Further evidence that dreams are a form of threat simulation: They have a tendency to feature negative emotions—fearful, angry, and anxious dreams are more common than happy ones. And the things we dream about tend to be biased in the direction of ancient dangers rather than more modern ones. We dream about being chased by animals and monsters more than having our credit card defrauded, even though most of us have very little real-life experience of being chased by animals (or monsters).

And also:

So are dreams caused by noise from the brain stem or are they designed a kind of mental rehearsal? It could be that both of these theories could be right. Suppose that random information enters the brain, and our minds makes stories out of them in order to rehearse how to deal with threats. The mind would deal with the brain stem’s information like actors playing an improv game, taking random suggestions from the audience and building a story. Just because the inspiration might be random doesn’t mean that resulting story needs to be meaningless. I did improv on stage for over 15 years, and I know that you can make a scary or happy scene with any suggestions from the audience.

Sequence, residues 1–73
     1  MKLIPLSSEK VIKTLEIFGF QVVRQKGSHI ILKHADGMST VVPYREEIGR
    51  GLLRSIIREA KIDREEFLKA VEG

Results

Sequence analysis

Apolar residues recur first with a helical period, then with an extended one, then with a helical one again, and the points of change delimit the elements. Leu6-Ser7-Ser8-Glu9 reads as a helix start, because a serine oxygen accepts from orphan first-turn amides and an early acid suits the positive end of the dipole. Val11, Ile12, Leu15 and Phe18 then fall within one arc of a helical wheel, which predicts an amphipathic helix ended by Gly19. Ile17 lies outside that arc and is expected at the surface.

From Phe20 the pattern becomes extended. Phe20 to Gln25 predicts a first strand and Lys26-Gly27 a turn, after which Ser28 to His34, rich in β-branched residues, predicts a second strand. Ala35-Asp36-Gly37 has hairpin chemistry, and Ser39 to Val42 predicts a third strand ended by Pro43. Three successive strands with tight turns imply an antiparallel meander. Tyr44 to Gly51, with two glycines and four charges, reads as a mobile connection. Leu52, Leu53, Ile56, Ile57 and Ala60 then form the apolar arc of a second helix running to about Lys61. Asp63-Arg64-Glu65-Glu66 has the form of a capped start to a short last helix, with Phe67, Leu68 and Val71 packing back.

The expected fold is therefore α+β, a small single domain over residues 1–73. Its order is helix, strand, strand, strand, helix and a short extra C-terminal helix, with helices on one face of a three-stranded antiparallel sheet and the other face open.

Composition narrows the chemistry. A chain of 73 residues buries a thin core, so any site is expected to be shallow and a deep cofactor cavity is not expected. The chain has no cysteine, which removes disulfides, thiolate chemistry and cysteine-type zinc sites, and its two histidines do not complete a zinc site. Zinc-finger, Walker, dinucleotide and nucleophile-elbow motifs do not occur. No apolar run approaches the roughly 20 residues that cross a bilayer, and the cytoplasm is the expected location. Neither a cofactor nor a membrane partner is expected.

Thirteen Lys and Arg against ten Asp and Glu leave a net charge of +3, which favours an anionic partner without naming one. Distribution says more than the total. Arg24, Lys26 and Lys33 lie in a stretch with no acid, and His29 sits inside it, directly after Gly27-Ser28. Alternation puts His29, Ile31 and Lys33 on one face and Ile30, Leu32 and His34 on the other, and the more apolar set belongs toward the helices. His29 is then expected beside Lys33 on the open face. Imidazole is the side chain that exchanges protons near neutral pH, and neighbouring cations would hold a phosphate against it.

You can see that I have shifted the emphasis. I have discarded the trendy notion that life is a narrative. I know, as many of them do not, that the idea does not come to us from science. It comes from Plato’s Republic.

We do best, if we wish to be rigorous, not to confuse storytelling with game planning. Since I prefer to see life in terms of a game, with a plan and implementation, I have become slightly allergic to this emphasis on storytelling.

The difference is: if you are creating a story you might want to discover what is motivating the characters, what their true wishes are. But you will also be buying into the notion that life is a story, written out in advance. You will want to see how the story turns out.

If you are playing a game your moves and your actions will strongly influence the outcome. In the first you are a spectator; in the second you are actively participating.

When you are preparing yourself to face a potential threat, you are not entertaining yourself with a charming narrative. You are making a plan, one that you might need to execute.